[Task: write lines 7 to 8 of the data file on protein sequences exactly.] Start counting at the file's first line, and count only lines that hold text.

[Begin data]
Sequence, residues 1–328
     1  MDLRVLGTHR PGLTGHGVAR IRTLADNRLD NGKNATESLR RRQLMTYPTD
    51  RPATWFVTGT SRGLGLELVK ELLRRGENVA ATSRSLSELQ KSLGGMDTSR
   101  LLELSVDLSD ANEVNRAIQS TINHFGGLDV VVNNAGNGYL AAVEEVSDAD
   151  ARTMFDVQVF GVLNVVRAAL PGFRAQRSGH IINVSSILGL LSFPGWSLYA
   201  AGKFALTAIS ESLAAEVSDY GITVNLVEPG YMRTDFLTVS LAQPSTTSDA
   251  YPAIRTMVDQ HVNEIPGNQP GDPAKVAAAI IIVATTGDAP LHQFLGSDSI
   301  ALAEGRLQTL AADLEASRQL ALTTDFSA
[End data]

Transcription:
   251  YPAIRTMVDQ HVNEIPGNQP GDPAKVAAAI IIVATTGDAP LHQFLGSDSI
   301  ALAEGRLQTL AADLEASRQL ALTTDFSA